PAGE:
Background and atmosphere

The original Palace of Beaulieu, ancestral home of the Boleyn family and thought to represent much of the attraction to King Henry VIII of his second wife (beheaded), perhaps with good reason. Henry expanded the existing building to create a most imposing and gargantuan edifice, with eight courtyards behind a 550-foot wide red-brick frontage and two enormous gatehouse towers. Channel 4’s Time Team dug up evidence of the foundations of what appears to have been a nursery for Henry’s first-born, Princess Mary. Having passed through a few hands (including those of Oliver Cromwell) after Henry’s demise, in 1799 the palace became occupied by the Canonesses of the Holy Sepulchre, one of the most ancient orders in the Catholic church, established in Europe long before the English Religious Community was founded in 1642. Forced out of their home in the Low Countries by the French Revolutionary Wars, the Canonesses brought their school to the Palace of Beaulieu with the intention of offering a Catholic education to girls denied this in England in the Post-Reformation period. Thus, New Hall is the oldest Catholic girls’ school in England.

Today’s New Hall is (in terms of footprint at least) but a fraction of Henry’s pile, but breathtaking nonetheless and approached via a mile-long avenue at the end of which one fully expects a National Trust ticket booth to appear. Perhaps one of the most impressive interiors is the chapel, with its original solid wood door and Henry VIII’s coat of arms over the main entrance.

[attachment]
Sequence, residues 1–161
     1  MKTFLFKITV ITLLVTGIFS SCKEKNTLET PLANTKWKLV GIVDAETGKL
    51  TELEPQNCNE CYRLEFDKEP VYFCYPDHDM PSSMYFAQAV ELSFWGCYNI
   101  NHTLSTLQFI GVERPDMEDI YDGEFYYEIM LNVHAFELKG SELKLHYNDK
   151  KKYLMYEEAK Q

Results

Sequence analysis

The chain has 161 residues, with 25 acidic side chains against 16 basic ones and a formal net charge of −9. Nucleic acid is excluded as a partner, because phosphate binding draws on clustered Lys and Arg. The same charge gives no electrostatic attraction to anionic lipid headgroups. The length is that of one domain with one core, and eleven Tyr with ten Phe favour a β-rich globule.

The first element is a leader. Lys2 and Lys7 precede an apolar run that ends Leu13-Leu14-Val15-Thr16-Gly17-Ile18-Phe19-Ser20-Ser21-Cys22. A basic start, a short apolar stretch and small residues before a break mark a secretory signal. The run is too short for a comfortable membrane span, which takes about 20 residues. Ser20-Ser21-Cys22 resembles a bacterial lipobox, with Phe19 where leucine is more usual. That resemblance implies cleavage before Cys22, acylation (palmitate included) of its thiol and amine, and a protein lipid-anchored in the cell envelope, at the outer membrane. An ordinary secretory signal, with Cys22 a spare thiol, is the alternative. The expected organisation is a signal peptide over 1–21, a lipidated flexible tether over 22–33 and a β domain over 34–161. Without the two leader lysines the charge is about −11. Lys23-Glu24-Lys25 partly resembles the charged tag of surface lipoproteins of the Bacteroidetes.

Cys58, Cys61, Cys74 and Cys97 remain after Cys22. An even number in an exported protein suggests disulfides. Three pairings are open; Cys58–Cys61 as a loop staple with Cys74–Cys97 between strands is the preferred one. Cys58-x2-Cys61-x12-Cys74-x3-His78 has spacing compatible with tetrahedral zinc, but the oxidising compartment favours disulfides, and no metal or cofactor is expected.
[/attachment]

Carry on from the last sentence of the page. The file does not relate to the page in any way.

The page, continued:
Behind the long façade of the main building, which houses an impressive entrance hall with waiting room, the chapel, classrooms and a boarding house, there is a dedicated arts block incorporating two large studio spaces (which host the school’s popular Saturday dance and drama schools as well as lessons throughout the week). The Eaton Theatre seats 210 and is used for productions as well as lectures and year meetings. Large library with study area for all-comers and hanging with Apple Macs. Eight science labs. Spacious refectory reminiscent of the restaurant in an upmarket London department store with a choice of three hot options (the traditional fish and chips on the Friday we visited), plus a salad bar and other cold choices.

Sixth form is a tight-knit community of 250, presided over by staff other than those that continuing pupils will have met in their junior years. Sixth formers have their own wing of the arts block, with study space and chill-out zone including snack kitchen.

New Hall hit the education sector headlines when it became the first independent school in the country to enter a partnership with a struggling state primary school. The school now lends its expertise and guidance to Messing Primary School, 15 miles away - management input, plus New Hall pupil-run events, such as an international day and community carol service.

On Mrs Jeffrey’s wishlist is a new science centre and a large auditorium with the capacity to seat the whole school together, but these she admits have fallen victim to the more pressing need to keep fees ‘reasonable’ for parents (minimal increases and none at all in one recent year; flexi-boarding rates have actually been reduced).

Pastoral care, well-being and discipline

‘Parents remark on the smiles here – on the faces of pupils and staff alike,’ says Mrs Jeffrey and this does appear to be a rather serene community. Personal qualities, kindness in particular, are recognised and drawn out, and pupils we met were certainly happy in their own skin. This is a Catholic school and although those of all faiths and none are welcome, Christian values are at its core. Support and care for others, both in school and outside it, are fundamental to life here for even the smallest New Hall pupils. New Good Hope café donates proceeds to For Jimmy charity.